It’s different for Girls?: My thoughts on BBC 2’s No More Boys and Girls: Can Our Kids Go Gender Free?

I’ve spent the last couple of days in the company of my two nieces who are five and seven.
They are such funny, engaging and intelligent girls. Every time I am around them I am aware of how impressionable children are and the part we can play as role models young people’s lives.
Whilst hanging out with these two young girls, I couldn’t help but think about the recent BBC two-parter, No More Boys and Girls: Can Our Kids Go Gender Free? I wanted to watch the programme because of my interest in gender but also because as the documentary itself mentions, research undertaken at Stamford University suggests that seven is a key developmental age, because apparently this is when children develop fixed ideas on what constitutes men and women and that even this early in their life, children have already been conditioned to ‘think that boys and girls are fundamentally different.’ As I mentioned previously, my nieces are five and seven.
The programme’s central premise is that knowingly or not, we teach boys and girls ‘different skills and mental attitudes,’ that this shapes these young children’s perceptions along binary lines and in a way that may well impact on the rest of their lives and that this could be one of the key reasons why we have not achieved equality between men and women. However, as the series narrator, Dr Javid Abelmoneim, states, children’s brains are very ‘plastic and mouldable’ and so the aim is to do some ‘brain training,’ supposedly turning a class of seven-year olds at the Lanesend School on the Isle of Wight, ‘gender neutral’ by staging a series of classroom interventions.
So whilst the programme claims that academic self-confidence and spatial tasks seem to be an issue for young females, and boys apparently struggle with expressing and processing emotion, by implementing a number of changes over a six-week period, it is hoped that these youngsters will experience improvements that apparently make them ‘gender neutral.’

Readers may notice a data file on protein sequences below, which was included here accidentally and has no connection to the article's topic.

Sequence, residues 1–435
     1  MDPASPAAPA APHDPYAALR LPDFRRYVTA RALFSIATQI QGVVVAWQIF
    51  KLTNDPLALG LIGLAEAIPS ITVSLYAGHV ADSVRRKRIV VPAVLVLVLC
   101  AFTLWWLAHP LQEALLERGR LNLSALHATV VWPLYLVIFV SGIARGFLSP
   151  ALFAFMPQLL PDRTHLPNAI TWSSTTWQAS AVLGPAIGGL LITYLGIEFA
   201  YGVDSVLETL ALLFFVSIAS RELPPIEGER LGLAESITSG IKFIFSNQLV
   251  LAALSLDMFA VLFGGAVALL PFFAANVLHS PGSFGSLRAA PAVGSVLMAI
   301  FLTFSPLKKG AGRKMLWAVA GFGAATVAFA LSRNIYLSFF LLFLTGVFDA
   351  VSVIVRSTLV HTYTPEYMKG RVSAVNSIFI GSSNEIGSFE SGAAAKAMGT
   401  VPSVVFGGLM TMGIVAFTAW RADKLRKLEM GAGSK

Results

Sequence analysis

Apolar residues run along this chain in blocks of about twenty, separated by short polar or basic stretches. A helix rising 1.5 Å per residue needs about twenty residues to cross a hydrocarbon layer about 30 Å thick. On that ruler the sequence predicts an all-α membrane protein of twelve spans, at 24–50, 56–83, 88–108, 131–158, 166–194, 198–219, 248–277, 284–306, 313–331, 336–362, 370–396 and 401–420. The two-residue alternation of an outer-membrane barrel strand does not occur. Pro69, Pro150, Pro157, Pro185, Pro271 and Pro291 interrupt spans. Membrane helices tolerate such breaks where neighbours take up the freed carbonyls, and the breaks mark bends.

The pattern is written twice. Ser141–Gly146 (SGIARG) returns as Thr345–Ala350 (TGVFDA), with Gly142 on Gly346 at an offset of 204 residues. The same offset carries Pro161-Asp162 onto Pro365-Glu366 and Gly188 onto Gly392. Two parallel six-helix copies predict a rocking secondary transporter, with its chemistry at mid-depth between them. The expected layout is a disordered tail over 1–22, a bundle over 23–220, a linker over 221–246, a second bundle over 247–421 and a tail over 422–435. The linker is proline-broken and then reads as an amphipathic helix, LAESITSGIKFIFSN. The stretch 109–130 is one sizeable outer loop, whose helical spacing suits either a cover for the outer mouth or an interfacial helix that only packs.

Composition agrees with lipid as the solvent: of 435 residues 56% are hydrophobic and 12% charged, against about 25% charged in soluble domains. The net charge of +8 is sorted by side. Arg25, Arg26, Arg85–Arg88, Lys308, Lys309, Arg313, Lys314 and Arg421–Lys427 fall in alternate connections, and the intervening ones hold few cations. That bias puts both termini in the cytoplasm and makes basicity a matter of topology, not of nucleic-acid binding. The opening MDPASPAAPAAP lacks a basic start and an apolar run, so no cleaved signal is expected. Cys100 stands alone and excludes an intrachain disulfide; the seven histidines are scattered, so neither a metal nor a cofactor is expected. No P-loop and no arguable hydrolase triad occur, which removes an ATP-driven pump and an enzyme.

Here I must say that the programme’s title is misleading, gender neutrality is actually not the programme’s aim here, but gender awareness and ultimately equality. And there were some issues with the programme’s methodology. For example, in the first episode, why did the male makeup artist brought in to challenge the boys’ perception of a make-up artist being a ‘woman’s job’ give the boys bruises and cuts in his demo and talk about his work on the Avengers and Star Wars films? Is this really challenging these boys?
That said, the documentary was still-thought provoking and I’m looking forward to the second and final episode.
In one instance, an experiment was conducted whereby the gender of a small handful of babies was swapped with female toddlers who were passed off as boys, and vice versa, through a change in clothing and name. The children were placed on a rug with toy robots and cars, dollies and soft toys, and adult volunteers with no relationship with these children were asked to interact with the child. What became immediately apparent from the footage shown was the perceived gender of these children consistently shaped the volunteers’ behaviour towards the child, with ‘girls’ consistently being offered soft toys that they could nurture and ‘boys’ being offered toys that help with spatial awareness.